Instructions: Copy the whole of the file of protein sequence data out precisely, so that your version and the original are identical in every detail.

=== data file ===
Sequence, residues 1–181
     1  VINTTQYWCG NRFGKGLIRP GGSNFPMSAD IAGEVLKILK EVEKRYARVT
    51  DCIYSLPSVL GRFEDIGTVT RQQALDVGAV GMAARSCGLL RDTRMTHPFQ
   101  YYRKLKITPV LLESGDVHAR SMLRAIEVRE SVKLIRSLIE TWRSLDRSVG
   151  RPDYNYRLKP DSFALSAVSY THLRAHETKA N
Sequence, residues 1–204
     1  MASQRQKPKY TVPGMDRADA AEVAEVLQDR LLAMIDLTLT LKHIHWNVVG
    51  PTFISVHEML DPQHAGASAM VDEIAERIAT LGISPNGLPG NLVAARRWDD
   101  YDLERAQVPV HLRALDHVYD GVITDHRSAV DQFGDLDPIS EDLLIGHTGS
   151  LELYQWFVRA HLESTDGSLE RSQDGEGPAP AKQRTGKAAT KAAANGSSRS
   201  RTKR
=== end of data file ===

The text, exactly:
Sequence, residues 1–181
     1  VINTTQYWCG NRFGKGLIRP GGSNFPMSAD IAGEVLKILK EVEKRYARVT
    51  DCIYSLPSVL GRFEDIGTVT RQQALDVGAV GMAARSCGLL RDTRMTHPFQ
   101  YYRKLKITPV LLESGDVHAR SMLRAIEVRE SVKLIRSLIE TWRSLDRSVG
   151  RPDYNYRLKP DSFALSAVSY THLRAHETKA N
Sequence, residues 1–204
     1  MASQRQKPKY TVPGMDRADA AEVAEVLQDR LLAMIDLTLT LKHIHWNVVG
    51  PTFISVHEML DPQHAGASAM VDEIAERIAT LGISPNGLPG NLVAARRWDD
   101  YDLERAQVPV HLRALDHVYD GVITDHRSAV DQFGDLDPIS EDLLIGHTGS
   151  LELYQWFVRA HLESTDGSLE RSQDGEGPAP AKQRTGKAAT KAAANGSSRS
   201  RTKR